Yes,Normally it is.

    But just suppose I'm a wine producer. I forgot to bring bottles,but I have a big vat. And in this way, I can say:

    I want three bottles,that means 2250ml.

    Am I right?
     

    RedwoodGrove

    Senior Member
    English, USA
    Hi moyeea,

    The huge, vast majority of wine is sold in 750 ml bottles. So when people say a "bottle of wine" that's what they mean. The Collins dictionary is slightly misleading because in English (and other languages) any container can refer to the contents. This is called synecdoche. It is not unusual or remarkable. The point is to know that when you walk into a shop, you're going to find a large aisle of wine bottles that are mostly 750 ml with some 150 ml bottles. On the other hand, hard alcohol such as vodka or whiskey, is sold in 750 or 175 ml bottles, and various others (in this country).

    A bottle can be any size.

    In my experience, there are different levels of measurement. There is the common measurement that people use for buying at a shop, there is the commercial measurement that business people use for communicating with each other, and there is scientific measurement. To confuse these matters, there is also the measurements that people use in everyday speech outside of commercial interactions. The problem is to differentiate between these.
     
    Last edited:

    moyeea

    Senior Member
    Chinese-China
    Hi moyeea,

    The huge, vast majority of wine is sold in 750 ml bottles. So when people say a "bottle of wine" that's what they mean. The Collins dictionary is slightly misleading because in English (and other languages) any container can refer to the contents. This is called synecdoche. It is not unusual or remarkable. The point is to know that when you walk into a shop, you're going to find a large aisle of wine bottles that are mostly 750 ml with some 150 ml bottles. On the other hand, hard alcohol such as vodka or whiskey, is sold in 750 or 175 ml bottle (in this country).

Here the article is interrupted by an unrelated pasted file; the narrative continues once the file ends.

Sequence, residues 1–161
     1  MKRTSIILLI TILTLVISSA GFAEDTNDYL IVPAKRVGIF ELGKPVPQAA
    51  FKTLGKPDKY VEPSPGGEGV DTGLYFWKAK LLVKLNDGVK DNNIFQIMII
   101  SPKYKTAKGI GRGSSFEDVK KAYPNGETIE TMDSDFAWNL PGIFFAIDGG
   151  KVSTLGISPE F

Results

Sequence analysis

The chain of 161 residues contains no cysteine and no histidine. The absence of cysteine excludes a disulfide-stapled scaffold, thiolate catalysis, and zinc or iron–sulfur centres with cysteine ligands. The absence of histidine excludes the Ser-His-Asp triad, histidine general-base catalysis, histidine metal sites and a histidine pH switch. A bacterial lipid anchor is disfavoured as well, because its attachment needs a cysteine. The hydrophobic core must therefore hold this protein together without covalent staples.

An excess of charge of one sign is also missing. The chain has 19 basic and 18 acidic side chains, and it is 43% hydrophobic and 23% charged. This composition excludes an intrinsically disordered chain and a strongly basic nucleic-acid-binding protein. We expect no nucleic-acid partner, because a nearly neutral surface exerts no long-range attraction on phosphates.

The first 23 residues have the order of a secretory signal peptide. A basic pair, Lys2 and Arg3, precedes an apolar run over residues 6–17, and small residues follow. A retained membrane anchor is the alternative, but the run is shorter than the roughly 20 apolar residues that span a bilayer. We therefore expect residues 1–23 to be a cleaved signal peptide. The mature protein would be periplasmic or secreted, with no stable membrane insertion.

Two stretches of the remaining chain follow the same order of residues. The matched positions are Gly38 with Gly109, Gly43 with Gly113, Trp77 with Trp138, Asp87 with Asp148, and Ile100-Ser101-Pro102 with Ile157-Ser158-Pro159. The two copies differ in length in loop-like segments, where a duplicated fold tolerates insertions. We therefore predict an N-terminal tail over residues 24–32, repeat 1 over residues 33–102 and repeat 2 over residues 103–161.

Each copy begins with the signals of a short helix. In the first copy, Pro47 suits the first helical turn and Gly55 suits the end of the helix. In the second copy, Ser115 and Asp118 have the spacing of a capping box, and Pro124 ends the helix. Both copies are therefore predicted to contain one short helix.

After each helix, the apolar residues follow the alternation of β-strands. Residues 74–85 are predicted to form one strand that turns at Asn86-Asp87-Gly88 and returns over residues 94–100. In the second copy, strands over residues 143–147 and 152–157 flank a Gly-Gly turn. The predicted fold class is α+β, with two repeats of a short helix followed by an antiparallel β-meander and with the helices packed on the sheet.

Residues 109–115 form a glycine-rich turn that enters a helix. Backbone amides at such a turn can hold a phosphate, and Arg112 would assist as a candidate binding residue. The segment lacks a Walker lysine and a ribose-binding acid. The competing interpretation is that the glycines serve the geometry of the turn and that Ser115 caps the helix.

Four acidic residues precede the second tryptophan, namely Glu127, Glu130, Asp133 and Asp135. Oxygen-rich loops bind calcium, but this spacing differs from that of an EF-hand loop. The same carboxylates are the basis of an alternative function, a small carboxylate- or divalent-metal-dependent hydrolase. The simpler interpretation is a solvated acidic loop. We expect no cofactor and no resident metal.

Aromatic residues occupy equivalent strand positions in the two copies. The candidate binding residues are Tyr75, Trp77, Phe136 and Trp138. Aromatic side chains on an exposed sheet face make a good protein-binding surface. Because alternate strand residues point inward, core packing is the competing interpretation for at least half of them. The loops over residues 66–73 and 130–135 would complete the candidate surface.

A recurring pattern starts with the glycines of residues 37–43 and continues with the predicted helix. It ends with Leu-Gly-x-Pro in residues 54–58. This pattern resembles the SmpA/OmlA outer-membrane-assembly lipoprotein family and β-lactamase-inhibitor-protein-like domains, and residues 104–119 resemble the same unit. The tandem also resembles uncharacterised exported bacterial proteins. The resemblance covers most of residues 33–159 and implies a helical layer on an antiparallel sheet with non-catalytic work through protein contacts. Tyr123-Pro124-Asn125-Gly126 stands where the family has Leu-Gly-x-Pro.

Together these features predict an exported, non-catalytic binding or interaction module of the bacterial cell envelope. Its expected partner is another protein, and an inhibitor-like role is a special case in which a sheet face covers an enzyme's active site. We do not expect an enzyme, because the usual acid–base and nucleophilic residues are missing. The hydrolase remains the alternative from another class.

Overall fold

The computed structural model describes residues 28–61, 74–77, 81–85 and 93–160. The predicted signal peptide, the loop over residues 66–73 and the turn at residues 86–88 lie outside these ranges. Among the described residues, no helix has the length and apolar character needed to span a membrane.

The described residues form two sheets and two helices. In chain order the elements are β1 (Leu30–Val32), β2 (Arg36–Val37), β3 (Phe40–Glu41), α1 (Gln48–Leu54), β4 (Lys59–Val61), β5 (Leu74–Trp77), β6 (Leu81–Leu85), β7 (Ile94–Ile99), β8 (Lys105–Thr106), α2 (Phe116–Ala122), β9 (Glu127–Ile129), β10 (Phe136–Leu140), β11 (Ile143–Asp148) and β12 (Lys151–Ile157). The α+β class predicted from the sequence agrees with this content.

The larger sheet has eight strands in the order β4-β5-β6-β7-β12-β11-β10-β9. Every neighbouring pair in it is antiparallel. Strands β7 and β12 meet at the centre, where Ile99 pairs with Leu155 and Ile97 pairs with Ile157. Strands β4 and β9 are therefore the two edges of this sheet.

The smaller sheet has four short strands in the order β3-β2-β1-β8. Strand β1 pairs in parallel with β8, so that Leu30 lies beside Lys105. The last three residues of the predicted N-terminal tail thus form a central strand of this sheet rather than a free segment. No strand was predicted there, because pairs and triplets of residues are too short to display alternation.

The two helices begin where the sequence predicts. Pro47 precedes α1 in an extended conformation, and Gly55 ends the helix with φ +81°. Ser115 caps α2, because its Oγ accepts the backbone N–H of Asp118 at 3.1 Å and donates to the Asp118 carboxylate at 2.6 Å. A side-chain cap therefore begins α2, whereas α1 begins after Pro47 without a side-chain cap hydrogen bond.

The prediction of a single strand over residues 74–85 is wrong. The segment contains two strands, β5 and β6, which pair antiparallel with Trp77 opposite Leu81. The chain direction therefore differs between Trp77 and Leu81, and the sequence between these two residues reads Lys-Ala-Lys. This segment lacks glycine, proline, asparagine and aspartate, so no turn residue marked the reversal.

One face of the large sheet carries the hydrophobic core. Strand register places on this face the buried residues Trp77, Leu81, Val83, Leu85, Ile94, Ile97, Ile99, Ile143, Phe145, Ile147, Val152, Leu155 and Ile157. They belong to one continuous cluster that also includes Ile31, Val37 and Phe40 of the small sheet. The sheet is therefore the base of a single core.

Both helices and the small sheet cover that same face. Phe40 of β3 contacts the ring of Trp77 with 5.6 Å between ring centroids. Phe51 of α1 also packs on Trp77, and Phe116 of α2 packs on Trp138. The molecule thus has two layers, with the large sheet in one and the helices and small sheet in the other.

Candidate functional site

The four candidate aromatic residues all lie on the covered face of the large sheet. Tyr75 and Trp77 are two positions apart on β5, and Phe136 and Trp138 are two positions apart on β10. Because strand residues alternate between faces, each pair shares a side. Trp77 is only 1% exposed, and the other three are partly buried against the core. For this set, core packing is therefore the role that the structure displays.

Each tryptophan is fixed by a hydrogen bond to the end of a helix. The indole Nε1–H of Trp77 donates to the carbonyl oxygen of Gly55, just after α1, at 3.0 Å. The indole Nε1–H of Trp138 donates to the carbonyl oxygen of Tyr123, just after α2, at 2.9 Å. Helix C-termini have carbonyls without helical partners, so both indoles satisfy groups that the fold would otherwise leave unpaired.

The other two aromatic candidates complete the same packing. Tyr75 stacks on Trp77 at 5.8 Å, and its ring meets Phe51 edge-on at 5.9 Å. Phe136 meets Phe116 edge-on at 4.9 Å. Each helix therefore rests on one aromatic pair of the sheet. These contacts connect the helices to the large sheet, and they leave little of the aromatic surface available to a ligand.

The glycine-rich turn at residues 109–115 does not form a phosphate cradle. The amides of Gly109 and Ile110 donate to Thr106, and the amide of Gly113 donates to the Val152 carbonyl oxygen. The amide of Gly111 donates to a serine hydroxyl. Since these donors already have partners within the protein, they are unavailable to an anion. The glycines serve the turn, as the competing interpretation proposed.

A bottle can be any size.
    Thanks so much for your kind help, sir!!!

    My books call them quantifiers.(bottle, bite, plate, cup, one , two, three, some, few)

    I think these words refer to the things in reality which are in that size descrbed by the words, right?(not just numbers)

    And for wine, I agree normally we buy a bottle of wine with the bottles.

    WHat if the producer already knows it is 750 ml a bottle, and now I am also a producer, I want to buy some wine from another producer, and bottle them with my tag.

    In this way, can I say:"I want 10 bottles (1750ml), just give me the wine in barrel, I can bottle them by myslef".

    Does this one make sense?
     

    RedwoodGrove

    Senior Member
    English, USA
    In this way, can I say:"I want 10 bottles (1750ml), just give me the wine in barrel, I can bottle them by myslef".
    I was amending my post when you responded with this, so that partly addresses your question. Commercial trade (business) has its own language and terminology. In general, for the non-professional, you'd probably say "I want 10 bottles-worth of ..." That would indicate quantity.

    But 10 bottles-worth would probably be 7,500 ml.
     

    moyeea

    Senior Member
    Chinese-China
    I was amending my post when you responded with this, so that partly addresses your question. Commercial trade (business) has its own language and terminology. In general, for the non-professional, you'd probably say "I want 10 bottles-worth of ..." That would indicate quantity.

    But 10 bottles-worth would probably be 7,500 ml.
    Thanks so much for your kind help!

    That means it is not about grammar, “bottles“here still means the wine, not just a number or container,right?

    It is about if it is acceptable in daily life,right sir?
     

    RedwoodGrove

    Senior Member
    English, USA
    “bottles“here still means the wine, not just a number or container,right?
    If I understand you correctly, that is right. The size of the bottle is determined by what's in it, in a manner of speaking. It has to do with what people are accustomed to dealing with. If 99% of the wine you see is in 750 ml bottles, then a bottle of wine is 750 ml. As you point out:
    It is about if it is acceptable in daily life,right sir?
    Right. The same holds true for vinegar or soy sauce.

    So it is not about grammar. It is about usage.
     

    moyeea

    Senior Member
    Chinese-China
    If I understand you correctly, that is right. The size of the bottle is determined by what's in it, in a manner of speaking. It has to do with what people are accustomed to dealing with. If 99% of the wine you see is in 750 ml bottles, then a bottle of wine is 750 ml. As you point out:

    Right. The same holds true for vinegar or soy sauce.

    So it is not about grammar. It is about usage.
    Thanks so much for your kind help!!!